The proposal would eliminate the “ancillary provisions” of the beryllium rule that would have extended specific new protections to construction and shipyard workers, including exposure assessments, personal protective equipment, medical surveillance and protected work areas. These provisions were included in OSHA’s rule in response to pressure from labor unions and public health groups, including Public Citizen.

“Like other beryllium-exposed workers, construction and shipyard workers deserve to go to work without risking their lives,” said Dr. Sammy Almashat, researcher for Public Citizen’s Health Research Group. “By eliminating lifesaving protections for workers in these specified industries, the Trump administration is recklessly putting corporate interests above workers’ lives.”

“It is well documented that shipyard and construction workers can be exposed to beryllium.  They need the same protections as other workers – including monitoring and assessing exposure to potential harm and taking steps to eliminate hazards which can lead to life-threatening diseases,” said Martinez.

In a rulemaking process that lasted more than a decade, OSHA asked stakeholders to comment on whether its final beryllium rule should extend protections to workers in the construction and shipyard industries. After careful consideration, the agency determined that it needed to cover these workers with a lower permissible exposure limit of 0.2 micrograms per cubic meter of air. That limit is preserved in today’s proposal. But the agency also recognized the need to mandate specific protections for construction and shipyard workers. These ancillary provisions have been revoked in the administration’s proposal.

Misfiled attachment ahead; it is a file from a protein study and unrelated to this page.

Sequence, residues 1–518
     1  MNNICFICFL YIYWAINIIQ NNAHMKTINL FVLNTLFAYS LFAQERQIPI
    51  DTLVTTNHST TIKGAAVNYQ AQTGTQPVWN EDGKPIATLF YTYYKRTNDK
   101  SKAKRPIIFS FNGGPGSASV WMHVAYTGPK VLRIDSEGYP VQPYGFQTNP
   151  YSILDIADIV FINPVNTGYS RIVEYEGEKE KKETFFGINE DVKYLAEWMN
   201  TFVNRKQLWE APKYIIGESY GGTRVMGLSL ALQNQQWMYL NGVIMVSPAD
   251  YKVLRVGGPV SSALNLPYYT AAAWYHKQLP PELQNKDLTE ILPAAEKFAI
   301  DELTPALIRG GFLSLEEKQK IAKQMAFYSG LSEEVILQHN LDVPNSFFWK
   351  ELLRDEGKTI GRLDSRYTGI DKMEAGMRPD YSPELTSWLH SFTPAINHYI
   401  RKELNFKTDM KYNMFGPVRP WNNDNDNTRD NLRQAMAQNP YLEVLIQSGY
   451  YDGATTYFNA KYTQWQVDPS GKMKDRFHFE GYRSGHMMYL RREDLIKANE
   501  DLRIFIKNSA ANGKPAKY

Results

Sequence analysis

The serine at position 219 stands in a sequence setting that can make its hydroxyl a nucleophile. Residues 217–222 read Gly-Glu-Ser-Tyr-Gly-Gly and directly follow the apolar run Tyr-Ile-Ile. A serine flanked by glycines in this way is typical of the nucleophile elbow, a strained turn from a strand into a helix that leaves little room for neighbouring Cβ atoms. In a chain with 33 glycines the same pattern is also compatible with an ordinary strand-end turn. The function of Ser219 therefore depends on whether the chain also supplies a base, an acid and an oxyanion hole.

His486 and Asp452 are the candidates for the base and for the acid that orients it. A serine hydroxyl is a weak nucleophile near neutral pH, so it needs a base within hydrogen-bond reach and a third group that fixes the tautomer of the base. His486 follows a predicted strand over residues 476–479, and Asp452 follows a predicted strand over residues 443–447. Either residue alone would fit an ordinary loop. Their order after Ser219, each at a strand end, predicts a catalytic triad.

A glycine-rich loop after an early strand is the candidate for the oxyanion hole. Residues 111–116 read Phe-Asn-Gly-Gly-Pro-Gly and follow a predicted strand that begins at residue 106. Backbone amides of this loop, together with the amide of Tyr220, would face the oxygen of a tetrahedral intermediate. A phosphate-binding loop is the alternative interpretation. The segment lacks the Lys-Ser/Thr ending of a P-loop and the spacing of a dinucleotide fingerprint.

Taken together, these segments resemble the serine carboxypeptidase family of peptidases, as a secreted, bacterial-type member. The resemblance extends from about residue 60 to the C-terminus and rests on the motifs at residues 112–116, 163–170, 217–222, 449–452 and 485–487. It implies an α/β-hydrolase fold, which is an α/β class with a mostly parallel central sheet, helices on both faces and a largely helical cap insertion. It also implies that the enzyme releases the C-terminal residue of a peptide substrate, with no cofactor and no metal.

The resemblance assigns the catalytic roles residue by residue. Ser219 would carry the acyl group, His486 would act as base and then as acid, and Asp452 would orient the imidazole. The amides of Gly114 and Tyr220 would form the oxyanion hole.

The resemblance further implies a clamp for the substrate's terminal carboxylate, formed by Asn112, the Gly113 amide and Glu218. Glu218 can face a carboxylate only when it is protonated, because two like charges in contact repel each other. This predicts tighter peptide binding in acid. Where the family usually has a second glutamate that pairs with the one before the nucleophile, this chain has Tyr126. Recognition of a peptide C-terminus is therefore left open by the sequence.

“To protect workers, consistent with its legal authority, OSHA set the lowest exposure standards that were technologically and economically feasible. But because beryllium is highly toxic, the Labor Department knew that workers could still get sick at these exposure limits. So it put into place additional protections—such as medical surveillance of workers near but below the exposure limit—to ensure that any diseases were caught at the early stages. The Labor Department initially projected that these additional protections would save 96 lives per year and prevent 46 new cases of disease,” explained Owens.

OSHA was right to safeguard these workers in its final rule, Public Citizen maintains. According to the agency, beryllium threatens 62,000 workers. OSHA’s own inspection data show that 70 percent of the 11,500 construction and shipyard workers who come into contact with beryllium while performing open-air abrasive blasting are, in fact, exposed to airborne beryllium that can result in debilitating lifelong illnesses and early deaths.

“If this proposal to weaken the beryllium rule goes into effect, construction and shipyard workers will die and be permanently disabled as a result,” said Emily Gardner, worker health and safety advocate for Public Citizen’s Congress Watch division. “The final beryllium rule issued at the end of the Obama administration must be reinstated immediately.”

Leo W Gerard: Subjugation in Steel

Image of USW member at EVRAZ North America by Steven Dietz

One cost of freedom is steel. To remain independent, America must maintain its own vibrant steel industry.

Steel is essential to make munitions, armor plate, aircraft carriers, submarines and fighter jets, as well as the roads and bridges on which these armaments are transported, the electrical grid that powers the factories where they are produced, the municipal water systems that supply manufacturers, even the computers that aid industrial innovation.